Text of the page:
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Why Project: Metalbeast is Top-Notch Schlock – Wicked Horror


Most people reading this probably don’t remember or have ever heard about Project: Metalbeast. That’s not a criticism of the Horror community. There are so many forgotten gems. And plenty of people who have seen this movie would probably take issue with me calling it that, but I don’t care. It’s pointless to say that Project: Metalbeast is one of the more well-made werewolf films out there, one of the best of its decade, or that it rivals the likes of American Werewolf in London or The Howling. It doesn’t. It’s not trying to.

A movie like Project: Metalbeast only sets out to entertain and it does that in spades. For those unfamiliar, the plot follows a government super soldier program that’s a little more unorthodox than your standard Captain America stuff. Here, soldiers are sent to Romania to collect a sample of werewolf blood, which is then taken by a soldier, who is then frozen until he can undergo experimentation to be given indestructible synthetic skin.

This sounds like a plot conceived by a ten-year old and that’s the best thing about the film. Everything about it feels like it operates on an excited child’s logic. Why would a werewolf need indestructible skin? So that silver bullets can’t penetrate it. As a Horror kid, this was exactly the kind of thing I would think about and it would seem so obvious. Why even question it? Metalbeast embraces that whole mentality in the best way.

Project: Metalbeast

As the only star power driving the movie, we have Barry Bostwick who, in a very bold choice, actually plays himself at Rocky Horror age in the opening scenes. Bostwick plays the most unlikable character imaginable. He has no preconceptions that he’s doing anything for the greater good, he has no reasoning for why he thinks this is a great idea other than the fact that no one else has ever done it. Well, that and mostly the fact that it’s something insufferably painful to inflict on someone who pissed him off twenty years ago.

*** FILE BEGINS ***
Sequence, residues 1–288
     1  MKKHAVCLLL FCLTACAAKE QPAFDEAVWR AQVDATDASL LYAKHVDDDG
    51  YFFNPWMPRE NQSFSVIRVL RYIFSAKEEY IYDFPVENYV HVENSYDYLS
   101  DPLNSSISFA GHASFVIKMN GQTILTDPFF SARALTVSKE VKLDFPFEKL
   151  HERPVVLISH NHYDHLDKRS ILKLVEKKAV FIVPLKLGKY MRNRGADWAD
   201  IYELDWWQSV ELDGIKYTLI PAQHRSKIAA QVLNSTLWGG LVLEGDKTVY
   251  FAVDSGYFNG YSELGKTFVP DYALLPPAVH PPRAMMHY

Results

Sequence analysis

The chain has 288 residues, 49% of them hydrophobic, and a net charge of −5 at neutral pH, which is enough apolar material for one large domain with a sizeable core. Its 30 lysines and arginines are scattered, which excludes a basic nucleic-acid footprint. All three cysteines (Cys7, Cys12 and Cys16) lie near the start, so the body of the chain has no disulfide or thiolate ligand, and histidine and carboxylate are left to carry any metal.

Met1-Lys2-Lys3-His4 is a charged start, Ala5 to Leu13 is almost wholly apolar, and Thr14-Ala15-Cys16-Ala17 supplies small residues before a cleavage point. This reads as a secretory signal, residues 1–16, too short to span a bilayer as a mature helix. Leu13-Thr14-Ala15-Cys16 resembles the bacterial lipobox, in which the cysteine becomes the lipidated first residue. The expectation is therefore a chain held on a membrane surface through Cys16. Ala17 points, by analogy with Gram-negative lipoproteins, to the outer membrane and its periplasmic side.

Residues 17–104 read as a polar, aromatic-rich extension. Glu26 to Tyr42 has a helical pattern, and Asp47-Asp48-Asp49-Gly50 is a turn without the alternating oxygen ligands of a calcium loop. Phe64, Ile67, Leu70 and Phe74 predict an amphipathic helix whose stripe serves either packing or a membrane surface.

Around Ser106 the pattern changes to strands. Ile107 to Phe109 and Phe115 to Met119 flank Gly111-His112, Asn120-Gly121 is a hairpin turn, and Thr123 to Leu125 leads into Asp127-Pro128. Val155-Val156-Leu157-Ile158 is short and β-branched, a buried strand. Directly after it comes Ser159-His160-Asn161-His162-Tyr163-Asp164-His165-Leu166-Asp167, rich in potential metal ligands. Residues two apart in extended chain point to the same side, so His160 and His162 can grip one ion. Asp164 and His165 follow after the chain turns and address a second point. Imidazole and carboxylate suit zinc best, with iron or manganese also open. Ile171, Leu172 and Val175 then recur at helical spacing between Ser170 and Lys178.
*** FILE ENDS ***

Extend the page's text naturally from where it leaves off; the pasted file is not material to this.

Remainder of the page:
Project: Metalbeast is also surprisingly—almost shockingly—well-paced. The prologue drags on for a bit and gets awkward so that it’s jarring when it cuts to the present, but other than that, it’s so good. The opening is killer. Yes, it’s goofy rubber-suited monster stuff, but that’s what the whole feature is meant to embrace and it makes that crystal clear from the very first scene.

I also think the juxtaposition of science and superstition in this movie is actually kind of cool. That’s one of my favorite themes in Horror. Project: Metalbeast does interesting things with the concept.

For a feature primarily set at a military compound, with such a ‘50s B-Movie premise, it actually features some of the most overtly supernatural werewolves I’ve ever seen on film. First and foremost, there’s the aversion to silver. But there are so many Eastern European superstitions at work as well, which is a surprising and intriguing take. These beings clearly don’t operate in the realm of science at all, which makes the forced combination of the two that much more interesting.

Project Metalbeast werewolf attackAs a kid, I was really picky about my werewolf movies. They had to look right, or I wasn’t interested. Everything I watched was always slightly off in some way or another. Project: Metalbeast was one of the few I saw at that time that really impressed me in terms of its design. Sure, the werewolves in this are big and bulky, but they’re good at being big and bulky. These are hulking, massive brutes—which is also thanks to the performance of Kane Hodder inside the suit. Yeah, they don’t sell you on realism, but the feature never once aims for that.

By the time Metalbeast itself is finally unveiled, it’s a showstopper. This is actually an intricate, impressive design and it legitimately feels like the entire movie is building toward it. There’s enough going on in the first two acts to make the Metalbeast feel like a reward without the film itself feeling boring. In a creature feature of this size, boring is way more noticeable than in larger-scale features. Thankfully, they seemed aware enough of that to award it at every turn.

There’s just too much to recommend about Project: Metalbeast. When you’re in the mood for a late night monster movie, if you’re already a fan of straight-to-video, rubber-suited monster flicks, it’s crucial. I really think it deserves to be one of the best known of that whole corner of Horror. But sadly, it’s not. Part of that, admittedly, is due to its availability. It’s not on DVD, certainly not on Blu-ray, and it doesn’t seem to be streaming anywhere. That makes it a hard thing to come across for the casual, intrigued fan.

Project MetalbeastHopefully, though, by spreading awareness like this, we can get people to remember what I truly consider to be a lost gem of the ‘90s video era. In an age where C.H.U.D. II gets a collector’s edition Blu-ray, anything is possible. Project: Metalbeast is pure camp and the title should give that away.

While the writing tries to be adult and straight-laced, the story feels like it was conceived by a kid. It’s almost like the Axe Cop of werewolf flicks. Bostwick’s character is so over-the-top terrible that he feels like he might strangle someone just because he doesn’t know what to do with his hands. And it’s those over-the-top qualities that really make this movie stand out as something that truly deserves to be remembered.

So, if you’re in the mood for werewolves when the next full moon rolls around and you don’t want to subject yourself to the Howling sequels, there are way worse choices you can make than Project: Metalbeast, presuming you can actually find a copy.

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